The Finnish Defence Forces Logistic Command have procured Next Generation Light Anti-Tank Weapons (NLAWs) from Swedish-based defence company Saab on 23 February.
The order value is approximately USD$38mn (SEK400mn) with product deliveries planned during 2024.
The NLAW is a shoulder-launched, anti-tank missile system that attacks the tank from above. However, it is also suitable for destroying assault vehicles and light vehicles, as well as weapon emplacements. It combines light-armour weapons with heavy, crew-operated guided missile systems.
With an NLAW, a single solider can take out a heavily protected modern main battle tank at ranges between 20 and 800 metres according to Saab.
Finland’s order was made as part of a string of recent orders for the same product under a framework agreement between Saab and the Swedish Defence Materiel Administration (FMV).
Finland had acceded to joining the framework agreement for anti-tank systems in May 2022. The agreement allows Finland to jointly procure NLAW missiles, Carl-Gustav 84 single-shots, AT4 single-shots and ammunition as well as training equipment for these weapons.
The United Kingdom (UK) also subscribes to this framework agreement.
The Finnish order follows procurements for NLAW weapons from Sweden on 15 December 2022 with a value of $86mn, and the UK Ministry of Defence (MoD) on 7 December 2022 amounting to $277mn.
The UK will be the first to receive delivery of the NLAWs this year, while Sweden and Finland will begin to receive their products in 2024.
Görgen Johansson, Head of Saab’s Business Area Dynamics, in response to the UK procurement, stated that “demand is increasing for anti-tank systems such as NLAW”.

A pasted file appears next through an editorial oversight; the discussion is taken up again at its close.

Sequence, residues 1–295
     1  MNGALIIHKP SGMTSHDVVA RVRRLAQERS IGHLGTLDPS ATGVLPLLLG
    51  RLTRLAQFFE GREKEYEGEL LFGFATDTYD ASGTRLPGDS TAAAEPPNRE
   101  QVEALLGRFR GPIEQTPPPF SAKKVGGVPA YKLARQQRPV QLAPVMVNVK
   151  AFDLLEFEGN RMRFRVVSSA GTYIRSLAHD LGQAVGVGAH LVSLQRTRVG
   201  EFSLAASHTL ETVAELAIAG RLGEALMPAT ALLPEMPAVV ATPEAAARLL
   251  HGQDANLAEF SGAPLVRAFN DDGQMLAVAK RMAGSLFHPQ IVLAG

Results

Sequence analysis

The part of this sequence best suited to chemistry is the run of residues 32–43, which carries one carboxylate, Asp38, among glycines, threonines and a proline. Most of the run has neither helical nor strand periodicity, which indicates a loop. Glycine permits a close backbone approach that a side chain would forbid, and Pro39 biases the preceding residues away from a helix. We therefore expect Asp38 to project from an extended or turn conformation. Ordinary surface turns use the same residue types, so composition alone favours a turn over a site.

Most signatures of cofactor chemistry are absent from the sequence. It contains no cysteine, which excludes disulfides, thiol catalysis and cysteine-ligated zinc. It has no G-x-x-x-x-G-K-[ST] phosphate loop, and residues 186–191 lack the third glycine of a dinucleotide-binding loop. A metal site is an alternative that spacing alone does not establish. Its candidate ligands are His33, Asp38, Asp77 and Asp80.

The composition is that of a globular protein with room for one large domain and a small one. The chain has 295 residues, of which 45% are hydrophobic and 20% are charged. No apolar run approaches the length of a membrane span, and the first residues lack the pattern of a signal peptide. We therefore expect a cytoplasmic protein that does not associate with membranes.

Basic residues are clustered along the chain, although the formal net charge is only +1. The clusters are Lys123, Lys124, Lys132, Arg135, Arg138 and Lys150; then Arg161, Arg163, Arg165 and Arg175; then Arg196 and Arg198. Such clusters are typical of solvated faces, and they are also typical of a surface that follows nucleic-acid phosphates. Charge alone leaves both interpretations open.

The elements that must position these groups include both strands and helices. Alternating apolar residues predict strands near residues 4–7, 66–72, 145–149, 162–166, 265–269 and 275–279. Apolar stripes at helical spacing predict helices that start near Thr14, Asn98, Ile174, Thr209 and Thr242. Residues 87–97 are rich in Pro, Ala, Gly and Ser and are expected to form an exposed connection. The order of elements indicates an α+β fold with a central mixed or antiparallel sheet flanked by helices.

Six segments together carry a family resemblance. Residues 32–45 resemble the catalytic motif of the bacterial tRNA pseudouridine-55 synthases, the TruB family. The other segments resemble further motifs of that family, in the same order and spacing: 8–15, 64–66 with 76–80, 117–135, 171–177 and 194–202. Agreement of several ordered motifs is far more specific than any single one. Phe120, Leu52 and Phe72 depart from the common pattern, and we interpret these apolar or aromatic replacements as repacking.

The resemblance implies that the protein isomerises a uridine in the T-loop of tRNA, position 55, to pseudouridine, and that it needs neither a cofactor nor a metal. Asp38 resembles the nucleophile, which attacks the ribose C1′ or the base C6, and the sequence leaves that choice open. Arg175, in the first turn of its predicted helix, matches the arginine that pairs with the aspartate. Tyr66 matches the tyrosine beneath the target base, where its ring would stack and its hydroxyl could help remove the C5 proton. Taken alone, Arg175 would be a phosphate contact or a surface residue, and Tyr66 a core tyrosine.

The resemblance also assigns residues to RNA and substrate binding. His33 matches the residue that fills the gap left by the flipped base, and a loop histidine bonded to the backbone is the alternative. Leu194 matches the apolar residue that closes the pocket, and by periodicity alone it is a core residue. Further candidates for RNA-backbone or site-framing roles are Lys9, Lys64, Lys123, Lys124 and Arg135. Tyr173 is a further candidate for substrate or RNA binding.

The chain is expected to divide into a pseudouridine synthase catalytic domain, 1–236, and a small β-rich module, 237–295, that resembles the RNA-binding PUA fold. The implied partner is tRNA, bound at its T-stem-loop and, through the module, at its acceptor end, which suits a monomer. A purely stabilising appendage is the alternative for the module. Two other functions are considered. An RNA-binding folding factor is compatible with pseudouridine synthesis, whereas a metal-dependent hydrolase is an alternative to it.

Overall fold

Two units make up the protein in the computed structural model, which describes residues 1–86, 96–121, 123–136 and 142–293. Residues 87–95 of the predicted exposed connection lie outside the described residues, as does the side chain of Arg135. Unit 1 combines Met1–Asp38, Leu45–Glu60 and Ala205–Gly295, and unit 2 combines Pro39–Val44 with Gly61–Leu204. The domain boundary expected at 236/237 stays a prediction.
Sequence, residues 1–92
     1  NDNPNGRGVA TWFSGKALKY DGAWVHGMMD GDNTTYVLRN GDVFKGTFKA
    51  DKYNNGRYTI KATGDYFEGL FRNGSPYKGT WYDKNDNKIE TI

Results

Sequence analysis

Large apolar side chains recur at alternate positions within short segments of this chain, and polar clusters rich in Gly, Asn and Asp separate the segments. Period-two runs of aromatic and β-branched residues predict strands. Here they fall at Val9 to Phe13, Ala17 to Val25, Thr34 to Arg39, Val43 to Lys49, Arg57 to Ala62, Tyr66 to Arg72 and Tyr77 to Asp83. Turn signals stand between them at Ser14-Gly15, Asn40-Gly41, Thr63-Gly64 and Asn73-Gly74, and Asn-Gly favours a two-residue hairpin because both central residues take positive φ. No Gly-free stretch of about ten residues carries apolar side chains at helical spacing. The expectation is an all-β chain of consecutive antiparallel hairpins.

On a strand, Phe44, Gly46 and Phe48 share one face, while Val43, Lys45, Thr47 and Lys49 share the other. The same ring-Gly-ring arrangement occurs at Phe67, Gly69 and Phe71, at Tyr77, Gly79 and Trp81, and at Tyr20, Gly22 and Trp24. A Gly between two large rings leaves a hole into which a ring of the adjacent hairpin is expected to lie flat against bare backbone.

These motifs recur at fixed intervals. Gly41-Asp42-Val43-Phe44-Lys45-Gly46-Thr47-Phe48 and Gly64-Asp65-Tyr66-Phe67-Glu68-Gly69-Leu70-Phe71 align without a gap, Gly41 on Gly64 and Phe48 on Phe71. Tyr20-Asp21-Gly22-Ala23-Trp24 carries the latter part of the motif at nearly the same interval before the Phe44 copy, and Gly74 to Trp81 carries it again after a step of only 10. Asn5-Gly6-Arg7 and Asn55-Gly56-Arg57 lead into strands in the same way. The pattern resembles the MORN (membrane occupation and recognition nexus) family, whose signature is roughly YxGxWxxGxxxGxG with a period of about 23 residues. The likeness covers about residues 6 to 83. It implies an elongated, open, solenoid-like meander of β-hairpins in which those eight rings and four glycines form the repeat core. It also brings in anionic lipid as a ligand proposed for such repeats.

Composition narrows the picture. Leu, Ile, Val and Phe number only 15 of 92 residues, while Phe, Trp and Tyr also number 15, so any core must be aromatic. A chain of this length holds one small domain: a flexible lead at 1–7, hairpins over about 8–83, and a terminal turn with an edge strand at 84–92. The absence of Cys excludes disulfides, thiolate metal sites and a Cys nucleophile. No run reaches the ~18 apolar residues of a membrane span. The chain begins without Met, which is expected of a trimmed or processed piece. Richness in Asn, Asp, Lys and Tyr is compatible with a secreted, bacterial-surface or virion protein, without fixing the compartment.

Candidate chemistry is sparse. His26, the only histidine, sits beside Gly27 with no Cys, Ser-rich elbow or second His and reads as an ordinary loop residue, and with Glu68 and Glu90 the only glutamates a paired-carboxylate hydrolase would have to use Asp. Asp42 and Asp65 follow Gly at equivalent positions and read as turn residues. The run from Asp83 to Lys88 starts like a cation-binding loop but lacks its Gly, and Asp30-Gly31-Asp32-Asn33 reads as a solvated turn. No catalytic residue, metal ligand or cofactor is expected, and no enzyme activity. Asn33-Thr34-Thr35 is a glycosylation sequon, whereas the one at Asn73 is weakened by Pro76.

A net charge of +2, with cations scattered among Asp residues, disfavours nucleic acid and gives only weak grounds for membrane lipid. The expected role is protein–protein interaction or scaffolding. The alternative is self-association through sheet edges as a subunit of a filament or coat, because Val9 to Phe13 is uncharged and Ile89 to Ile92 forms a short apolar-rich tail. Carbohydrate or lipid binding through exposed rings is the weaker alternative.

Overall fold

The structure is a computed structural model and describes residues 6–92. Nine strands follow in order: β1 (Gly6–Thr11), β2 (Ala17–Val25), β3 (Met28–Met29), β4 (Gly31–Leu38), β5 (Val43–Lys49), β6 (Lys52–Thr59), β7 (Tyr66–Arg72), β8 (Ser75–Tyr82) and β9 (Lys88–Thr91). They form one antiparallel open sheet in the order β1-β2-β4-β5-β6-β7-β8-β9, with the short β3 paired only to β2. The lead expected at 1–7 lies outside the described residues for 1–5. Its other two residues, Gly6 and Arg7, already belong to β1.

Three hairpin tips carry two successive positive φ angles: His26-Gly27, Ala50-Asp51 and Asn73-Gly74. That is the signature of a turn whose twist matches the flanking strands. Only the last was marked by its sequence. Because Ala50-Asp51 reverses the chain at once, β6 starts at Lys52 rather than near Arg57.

In response to Finland’s acquisition, he stated that “I am proud to contribute to Finland’s army’s anti-tank capability with our proven NLAW system, known for being trusted by soldiers”.
The NLAW and the Javelin
The UK has provided over 4,000 anti-armour systems to Ukraine, NLAWs as well as Javelins, so the anti-armour system is well and truly in demand, as the UK seeks to restock its donated supply.
The NLAW is designed to be highly versatile within more close combat environments, like urban area warfare.
NLAWS have been used heavily in the war against Russia in the field of high intensity warfare with its capacity for 500mm armour penetration, and its lightweight capacity makes it portable for soldiers on the move with a weight of 12.5kg.
Compared to Lockheed’s celebrated FGM-148 Javelin, which is more appropriate to open spaces, the range of the NLAW does not reach as far as a Javelin missile, which reaches 2,500 metres.
However, Saab emphasises the unique combination of a guided-missile system and shoulder-fire qualities amount to a uniquely imaginative anti-armour system product with unmatched skills.